In an effort to stop the spread of Zika, a specialist fumigates a graveyard in Lima on Jan. 15
January 28, 2016 6:05 AM EST

It’s easy to think dangerous mosquito-borne diseases–the kind that can cause birth defects, severe illness or even death–are something only poor, tropical countries need to fear. Yet malaria, brought to the U.S. by European colonists and African slaves, wasn’t eliminated from the hot and humid American South until federal efforts finally eradicated it during World War II. The Centers for Disease Control and Prevention (CDC), the agency now charged with protecting the U.S. public against such scourges, grew out of that campaign. (That’s why it’s headquartered in Atlanta.) More recently, dengue, West Nile and chikungunya–all mosquito-borne viruses–have invaded the U.S., brought from abroad by travelers and aided by a warming climate that has become more hospitable to disease-carrying insects.

Now there’s a new infectious invader to fear: Zika. First discovered in Uganda in 1947, Zika–then confined to the equatorial belt in Africa and Asia and thought to cause little more than mild flulike symptoms–was an afterthought to disease experts. But at some recent point, perhaps during the 2014 World Cup held in Brazil, an infected traveler brought the virus to Latin America, where it has exploded, spreading to more than 20 countries and likely infecting hundreds of thousands of people. But the real worry is what the Zika virus seems to be doing to pregnant women. Since the first case of Zika in Brazil in May 2015, the country has reported some 4,000 cases of microcephaly–a severe birth defect that causes a shrunken head and major brain damage. In 2014 the country of 200 million reported just 150 cases of the abnormality. Scientists suspect that Zika infections in pregnancy may be causing microcephaly and possibly other less visible forms of brain damage in infants. The CDC has warned pregnant women not to travel to affected countries in Latin America–a recommendation that may soon include the entire region. To reduce the risks from Zika, desperate governments in countries like El Salvador have gone so far as to urge women to avoid becoming pregnant until 2018–the epidemiological equivalent of a Hail Mary pass.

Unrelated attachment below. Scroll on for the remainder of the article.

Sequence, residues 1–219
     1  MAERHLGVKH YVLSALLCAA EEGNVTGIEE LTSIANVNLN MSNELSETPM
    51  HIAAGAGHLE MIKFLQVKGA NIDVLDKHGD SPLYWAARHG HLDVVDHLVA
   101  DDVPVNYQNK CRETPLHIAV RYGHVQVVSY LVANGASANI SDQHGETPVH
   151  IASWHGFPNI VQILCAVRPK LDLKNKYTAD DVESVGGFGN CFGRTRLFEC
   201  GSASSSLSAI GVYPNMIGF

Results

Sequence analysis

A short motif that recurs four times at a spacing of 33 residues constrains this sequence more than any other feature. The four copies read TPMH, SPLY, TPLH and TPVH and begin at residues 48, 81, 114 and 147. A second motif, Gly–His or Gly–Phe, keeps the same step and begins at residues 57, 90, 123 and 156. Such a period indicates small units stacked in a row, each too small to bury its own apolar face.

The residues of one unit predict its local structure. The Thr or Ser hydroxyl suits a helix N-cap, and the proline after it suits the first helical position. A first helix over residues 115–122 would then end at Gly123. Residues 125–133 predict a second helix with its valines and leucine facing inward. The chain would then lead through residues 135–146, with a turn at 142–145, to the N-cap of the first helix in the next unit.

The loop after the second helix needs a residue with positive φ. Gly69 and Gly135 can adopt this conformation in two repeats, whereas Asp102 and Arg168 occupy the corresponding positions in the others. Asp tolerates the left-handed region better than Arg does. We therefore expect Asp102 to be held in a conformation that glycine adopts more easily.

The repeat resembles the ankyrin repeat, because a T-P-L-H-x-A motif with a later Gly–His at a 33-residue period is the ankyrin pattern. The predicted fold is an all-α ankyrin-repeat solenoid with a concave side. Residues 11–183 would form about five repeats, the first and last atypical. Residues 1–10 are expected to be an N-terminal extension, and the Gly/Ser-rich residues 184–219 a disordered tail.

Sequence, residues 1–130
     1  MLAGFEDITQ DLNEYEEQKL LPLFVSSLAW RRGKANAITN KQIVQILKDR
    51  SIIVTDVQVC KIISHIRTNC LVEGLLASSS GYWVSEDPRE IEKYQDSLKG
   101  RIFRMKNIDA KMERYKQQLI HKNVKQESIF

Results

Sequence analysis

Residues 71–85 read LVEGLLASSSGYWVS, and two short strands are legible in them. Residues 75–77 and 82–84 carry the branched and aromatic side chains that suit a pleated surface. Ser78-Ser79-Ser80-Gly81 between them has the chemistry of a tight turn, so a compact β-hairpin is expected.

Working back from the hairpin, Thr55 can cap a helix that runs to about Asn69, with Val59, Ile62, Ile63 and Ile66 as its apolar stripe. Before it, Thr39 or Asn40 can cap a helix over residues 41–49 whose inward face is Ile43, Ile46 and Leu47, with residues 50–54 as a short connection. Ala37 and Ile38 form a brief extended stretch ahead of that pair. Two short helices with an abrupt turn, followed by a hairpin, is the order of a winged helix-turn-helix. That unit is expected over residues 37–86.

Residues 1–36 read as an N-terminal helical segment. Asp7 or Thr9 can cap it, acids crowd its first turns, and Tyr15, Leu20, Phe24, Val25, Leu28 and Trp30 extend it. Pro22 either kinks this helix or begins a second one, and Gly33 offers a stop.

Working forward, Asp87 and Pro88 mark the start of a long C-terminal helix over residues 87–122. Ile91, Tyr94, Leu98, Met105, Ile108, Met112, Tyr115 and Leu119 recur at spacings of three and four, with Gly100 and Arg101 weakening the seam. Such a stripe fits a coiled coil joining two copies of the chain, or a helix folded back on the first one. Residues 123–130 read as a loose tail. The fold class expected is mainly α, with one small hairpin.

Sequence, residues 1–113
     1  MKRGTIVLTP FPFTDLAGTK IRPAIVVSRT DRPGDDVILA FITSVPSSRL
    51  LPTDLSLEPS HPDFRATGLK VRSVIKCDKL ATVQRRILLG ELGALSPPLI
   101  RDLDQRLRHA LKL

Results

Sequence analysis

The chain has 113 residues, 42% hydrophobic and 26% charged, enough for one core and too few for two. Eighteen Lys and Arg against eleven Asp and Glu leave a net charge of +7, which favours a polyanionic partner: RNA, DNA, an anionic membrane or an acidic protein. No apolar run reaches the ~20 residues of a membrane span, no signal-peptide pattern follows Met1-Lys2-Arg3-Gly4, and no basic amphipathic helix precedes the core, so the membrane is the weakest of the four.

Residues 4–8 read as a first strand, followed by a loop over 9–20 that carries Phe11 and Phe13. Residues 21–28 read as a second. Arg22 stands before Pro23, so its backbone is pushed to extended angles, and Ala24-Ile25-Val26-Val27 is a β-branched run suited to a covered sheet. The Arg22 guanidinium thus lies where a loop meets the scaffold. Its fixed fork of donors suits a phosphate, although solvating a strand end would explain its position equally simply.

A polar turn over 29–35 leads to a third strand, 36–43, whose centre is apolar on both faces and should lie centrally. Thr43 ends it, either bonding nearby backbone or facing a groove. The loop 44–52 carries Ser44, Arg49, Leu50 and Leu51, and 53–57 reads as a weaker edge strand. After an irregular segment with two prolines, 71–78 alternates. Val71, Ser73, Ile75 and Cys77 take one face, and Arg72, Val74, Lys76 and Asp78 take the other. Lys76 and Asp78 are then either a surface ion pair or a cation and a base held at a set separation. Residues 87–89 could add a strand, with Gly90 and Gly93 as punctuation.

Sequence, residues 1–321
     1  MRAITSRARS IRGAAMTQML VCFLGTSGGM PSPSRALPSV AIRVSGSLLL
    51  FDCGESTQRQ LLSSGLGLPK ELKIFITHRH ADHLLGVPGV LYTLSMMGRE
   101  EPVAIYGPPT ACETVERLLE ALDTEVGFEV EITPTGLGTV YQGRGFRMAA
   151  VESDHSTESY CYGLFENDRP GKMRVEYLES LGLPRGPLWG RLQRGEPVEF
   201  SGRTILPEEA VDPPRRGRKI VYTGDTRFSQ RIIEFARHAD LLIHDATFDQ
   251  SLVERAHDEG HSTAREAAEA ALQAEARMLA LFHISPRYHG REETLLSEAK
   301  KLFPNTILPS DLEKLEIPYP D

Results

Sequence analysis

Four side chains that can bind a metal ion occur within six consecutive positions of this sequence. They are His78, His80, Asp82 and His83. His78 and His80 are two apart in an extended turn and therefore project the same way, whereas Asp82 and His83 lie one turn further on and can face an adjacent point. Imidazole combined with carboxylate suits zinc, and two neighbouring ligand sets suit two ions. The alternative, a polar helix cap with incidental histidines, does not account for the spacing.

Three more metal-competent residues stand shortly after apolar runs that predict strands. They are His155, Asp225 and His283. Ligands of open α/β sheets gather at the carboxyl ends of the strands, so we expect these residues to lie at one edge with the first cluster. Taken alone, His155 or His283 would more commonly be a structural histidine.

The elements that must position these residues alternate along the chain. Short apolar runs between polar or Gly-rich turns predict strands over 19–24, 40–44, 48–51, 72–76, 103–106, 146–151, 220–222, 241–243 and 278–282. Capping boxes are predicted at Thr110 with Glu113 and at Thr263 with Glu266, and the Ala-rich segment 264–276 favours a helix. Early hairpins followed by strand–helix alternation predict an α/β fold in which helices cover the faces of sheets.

So far, there have been a handful of Zika cases recorded in the U.S., all in travelers who got sick elsewhere and brought the disease home. That means that for now, Zika probably isn’t actively spreading in the U.S. But the World Health Organization has predicted that the disease will eventually reach every country in the Americas except Canada and Chile–the only two where the Aedes mosquito, which carries the virus, isn’t found.

“Things like this tend not to go away,” says Dr. Anthony Fauci, head of the National Institute of Allergy and Infectious Diseases, which is working on a Zika vaccine. “Cases may go up and go down, but it’s not just going to go away.”

Like other infectious diseases that have threatened the U.S.–malaria in years past or Ebola, for that matter–Zika is a reminder of just how connected we all are today, when there’s hardly a spot on the planet, no matter how remote, that’s more than 24 hours from a major city.

In a globalized world, we’re only as strong as the weakest health link. Even if the U.S. is able to control Zika within its own borders, as it did malaria, the out-of-control spread in the rest of the region will pose a constant danger, especially with hard-hit Brazil hosting the Olympics this summer. There are no walls that can keep out disease.

Zika diagnoses must be confirmed by lab tests, and the fact that 4 out of 5 people infected with Zika never show symptoms makes the virus hard to track and stop. The sudden explosion of cases–and the virus’ seemingly new ability to cross the placental barrier between mother and fetus–suggests that it may have mutated, which presents another challenge for scientists. Viral threats don’t stand still. They change and evolve.

And so does the planet we live on. Humans may not like a warmer climate, but disease-carrying mosquitoes do. They bite more and fly farther, and the viruses they carry tend to replicate faster. So as public-health officials prepare for a new onslaught of insect-borne disease, a new reality is setting in: In a warmer, connected world, Zika isn’t an epidemic. It’s a fact of life.


This appears in the February 08, 2016 issue of TIME.

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